The Nonbelievers

The Nonbelievers
Despite Strong Individualistic Tendencies, Atheists Seek Community for Comfort

By Keely Savoie
Special to New York Resident

[Published in the April 7, 2003 issue of the Upper West Side weekly newspaper the New York Resident. Minor corrections are in brackets.]

According to Josh Karpf, leader of the New York City Atheists (NYCA), his co-non-religionists are not "joiners." Getting them together, he says, "is like herding cats."

And yet he succeeds in scheduling monthly dinners and cafe nights to which many local atheists gravitate, if only to agree to disagree on a wide range of topics, from conspiracy theories to cults to evolutionary biology.

At a recent drinks-and-dinner meetup at Mustang Harry's, a Seventh Avenue bar, the group conversed under a Mark Twain quote on the wall that read, "It is by the goodness of God that in our country we have those three unspeakably precious things: freedom of speech, freedom of conscience, and the prudence never to practice either of them."

The group happily rejected their God-given prudence and debated politics with gusto. There was little agreement but a congenial acceptance of differences. A gathering of atheists felt less like a group of like-minded individuals than a collection of committed iconoclasts.

Accord-ing to a City University of New York survey, atheists, agnostics, secularists, and others who claim no religion numbered 29.4 million in 2001, more than doubling the 14.1 million of 1990. Thirteen percent of New Yorkers are not religious, puffing the state just below the national average of 14.1 percent.

Most atheists describe coming to their belief that there is no God as a long process of serious thought and intellectual inquiry Stacy Irwin, a 25-year-old graphic designer, remembers a moment of epiphany that started her down the road to nonbelief after finding out that there was no Santa Claus.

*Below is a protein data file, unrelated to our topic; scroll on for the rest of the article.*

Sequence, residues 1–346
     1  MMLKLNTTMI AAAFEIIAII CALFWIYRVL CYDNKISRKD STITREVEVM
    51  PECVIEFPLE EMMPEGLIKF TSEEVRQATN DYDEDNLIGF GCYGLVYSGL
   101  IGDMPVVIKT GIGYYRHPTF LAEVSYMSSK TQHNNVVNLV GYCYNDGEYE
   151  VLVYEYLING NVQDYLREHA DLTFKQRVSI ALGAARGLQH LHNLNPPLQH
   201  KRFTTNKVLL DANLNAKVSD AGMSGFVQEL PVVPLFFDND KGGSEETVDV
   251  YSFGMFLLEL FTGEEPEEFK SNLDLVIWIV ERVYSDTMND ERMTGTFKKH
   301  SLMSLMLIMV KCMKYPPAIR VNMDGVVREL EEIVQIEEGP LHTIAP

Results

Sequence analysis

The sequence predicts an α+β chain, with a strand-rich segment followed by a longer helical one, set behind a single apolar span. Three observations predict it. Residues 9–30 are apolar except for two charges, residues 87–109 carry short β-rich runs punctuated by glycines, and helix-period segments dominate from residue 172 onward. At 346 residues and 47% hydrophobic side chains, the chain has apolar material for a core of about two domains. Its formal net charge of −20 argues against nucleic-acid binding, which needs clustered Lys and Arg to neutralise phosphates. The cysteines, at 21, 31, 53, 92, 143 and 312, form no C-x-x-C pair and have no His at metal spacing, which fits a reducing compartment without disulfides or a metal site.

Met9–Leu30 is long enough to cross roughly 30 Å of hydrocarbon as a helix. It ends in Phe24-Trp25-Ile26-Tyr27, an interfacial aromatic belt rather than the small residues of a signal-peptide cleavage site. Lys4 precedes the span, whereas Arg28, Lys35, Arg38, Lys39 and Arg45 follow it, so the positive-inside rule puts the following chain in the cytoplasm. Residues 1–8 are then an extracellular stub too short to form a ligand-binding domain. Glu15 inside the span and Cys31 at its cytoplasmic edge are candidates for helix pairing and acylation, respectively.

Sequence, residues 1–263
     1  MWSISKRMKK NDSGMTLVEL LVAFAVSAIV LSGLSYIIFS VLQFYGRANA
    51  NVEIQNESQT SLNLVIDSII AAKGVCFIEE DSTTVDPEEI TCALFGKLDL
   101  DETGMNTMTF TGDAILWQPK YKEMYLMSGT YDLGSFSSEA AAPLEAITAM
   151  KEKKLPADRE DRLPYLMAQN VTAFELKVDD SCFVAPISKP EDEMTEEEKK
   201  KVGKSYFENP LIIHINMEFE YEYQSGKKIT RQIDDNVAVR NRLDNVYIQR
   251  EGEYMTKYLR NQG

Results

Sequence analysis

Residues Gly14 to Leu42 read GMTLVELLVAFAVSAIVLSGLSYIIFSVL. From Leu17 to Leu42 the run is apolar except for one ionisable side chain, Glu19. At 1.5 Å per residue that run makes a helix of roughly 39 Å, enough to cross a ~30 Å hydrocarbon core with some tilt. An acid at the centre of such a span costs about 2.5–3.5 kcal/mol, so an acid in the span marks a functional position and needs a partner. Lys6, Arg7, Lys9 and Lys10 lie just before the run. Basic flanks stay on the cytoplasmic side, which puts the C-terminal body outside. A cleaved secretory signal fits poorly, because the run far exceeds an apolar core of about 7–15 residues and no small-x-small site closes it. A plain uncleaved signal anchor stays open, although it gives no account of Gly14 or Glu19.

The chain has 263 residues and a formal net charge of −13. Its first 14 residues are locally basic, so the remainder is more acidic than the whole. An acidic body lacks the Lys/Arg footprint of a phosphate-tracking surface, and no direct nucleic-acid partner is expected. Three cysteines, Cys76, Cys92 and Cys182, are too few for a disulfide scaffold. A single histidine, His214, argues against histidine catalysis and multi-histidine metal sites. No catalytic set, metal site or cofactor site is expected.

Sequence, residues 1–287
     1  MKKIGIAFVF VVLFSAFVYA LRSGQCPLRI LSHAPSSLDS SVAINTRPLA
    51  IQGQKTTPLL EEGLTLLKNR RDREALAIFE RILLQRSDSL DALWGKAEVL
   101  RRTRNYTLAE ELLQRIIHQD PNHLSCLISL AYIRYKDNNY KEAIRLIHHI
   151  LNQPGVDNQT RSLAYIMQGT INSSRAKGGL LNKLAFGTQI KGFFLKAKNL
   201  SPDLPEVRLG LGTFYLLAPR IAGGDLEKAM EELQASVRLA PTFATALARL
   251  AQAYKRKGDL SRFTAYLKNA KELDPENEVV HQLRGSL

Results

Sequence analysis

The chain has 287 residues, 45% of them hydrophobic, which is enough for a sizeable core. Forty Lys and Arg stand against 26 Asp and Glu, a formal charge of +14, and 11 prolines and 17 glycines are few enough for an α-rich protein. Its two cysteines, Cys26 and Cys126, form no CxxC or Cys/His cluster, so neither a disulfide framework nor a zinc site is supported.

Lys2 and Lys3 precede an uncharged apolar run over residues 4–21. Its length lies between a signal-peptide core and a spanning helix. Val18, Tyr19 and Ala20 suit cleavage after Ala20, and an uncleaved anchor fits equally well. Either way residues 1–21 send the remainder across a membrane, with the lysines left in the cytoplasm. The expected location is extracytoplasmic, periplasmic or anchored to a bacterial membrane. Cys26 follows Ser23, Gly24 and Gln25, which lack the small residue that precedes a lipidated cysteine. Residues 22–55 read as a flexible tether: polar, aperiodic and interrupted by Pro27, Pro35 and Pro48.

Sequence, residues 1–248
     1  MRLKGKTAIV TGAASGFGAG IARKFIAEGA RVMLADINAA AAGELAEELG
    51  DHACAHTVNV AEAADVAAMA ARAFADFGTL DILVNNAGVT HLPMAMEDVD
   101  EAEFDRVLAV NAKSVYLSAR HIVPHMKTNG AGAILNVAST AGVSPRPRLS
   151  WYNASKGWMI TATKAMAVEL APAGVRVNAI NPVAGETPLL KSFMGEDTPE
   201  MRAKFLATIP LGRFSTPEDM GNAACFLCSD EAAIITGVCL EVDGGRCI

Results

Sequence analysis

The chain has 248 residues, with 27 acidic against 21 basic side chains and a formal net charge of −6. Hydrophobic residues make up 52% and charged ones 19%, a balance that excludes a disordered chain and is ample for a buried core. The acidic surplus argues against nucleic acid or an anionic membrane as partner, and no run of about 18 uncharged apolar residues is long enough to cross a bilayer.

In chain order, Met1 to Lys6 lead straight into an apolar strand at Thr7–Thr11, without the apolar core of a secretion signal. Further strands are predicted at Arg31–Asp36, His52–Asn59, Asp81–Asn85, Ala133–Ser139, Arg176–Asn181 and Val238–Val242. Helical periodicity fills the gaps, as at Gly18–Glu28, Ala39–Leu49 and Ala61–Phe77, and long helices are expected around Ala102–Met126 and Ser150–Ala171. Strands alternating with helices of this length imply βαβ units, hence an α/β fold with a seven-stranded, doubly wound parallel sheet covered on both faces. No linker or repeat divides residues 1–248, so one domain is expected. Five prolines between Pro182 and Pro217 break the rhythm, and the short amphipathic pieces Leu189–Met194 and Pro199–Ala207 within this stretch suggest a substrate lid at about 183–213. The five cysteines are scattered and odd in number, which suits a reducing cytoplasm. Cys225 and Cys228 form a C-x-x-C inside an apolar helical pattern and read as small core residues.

"My mother told me to reason it out," she says. "Was there any evidence of Santa Claus? Did I ever see him? Then I took that logic and applied it to every area of my life."

Harvey Osgood, 62, also describes a theological impasse. "When I was 13, I had my bar mitzvah, and I realized I had three choices regarding God - to be a theist, a nontheist, or an agnostic. After a great deal of thought, I realized I just did not believe there was a God," he remembers.

Many atheists attest to a kind of unavoidability about their belief and a sense that religious people have access to a source of comfort and solace that atheists are simply unable to grasp.

"I tried to make that leap of faith, but I'm just not capable of it," says Osgood, whose wife died recently.

I'm sorry I can't bring that to bear on my emotions." It's a sentiment also expressed by Nick Sizow, who ark picnic has been in chemotherapy for more than a year. "I've envied people who can give themselves over to something like that," he says. "Religion relieves people of their mortality. To let go of that is not easy -- the light goes off and that's it."

Despite the strength of their person-al convictions, most atheists also profess a strict policy of laissez-faire. "To disabuse people of their belief in God is immoral," says Osgood. "It's a nasty, nasty thing to do."

And despite their individualistic natures, atheists in Manhattan do seek each other's company, finding comfort in community, as many others do through religion.

"We have nothing in common except this one thing," says Ileen Zovluck, an NYCA member. "But I've met a lot of great friends here -- friendships based largely on our differences."

That seems to be the point, because the very nature of atheism makes it difficult to define a unifying goal. "It would be nice to find something for atheists to gather around," muses Sizow. "The only thing that comes up is love - we have to project our love on humanity. That's where it's needed," he says. "Let's make that a kind of religion."

There are half a dozen [freethought] groups in New York City, which can be found on the NYCA Web site, [http://nyc-atheists.org] (212-330-6794). Karpf, who runs the 250-strong group entirely on voluntary contributions, schedules monthly meetups along with other special events that are also posted on the site.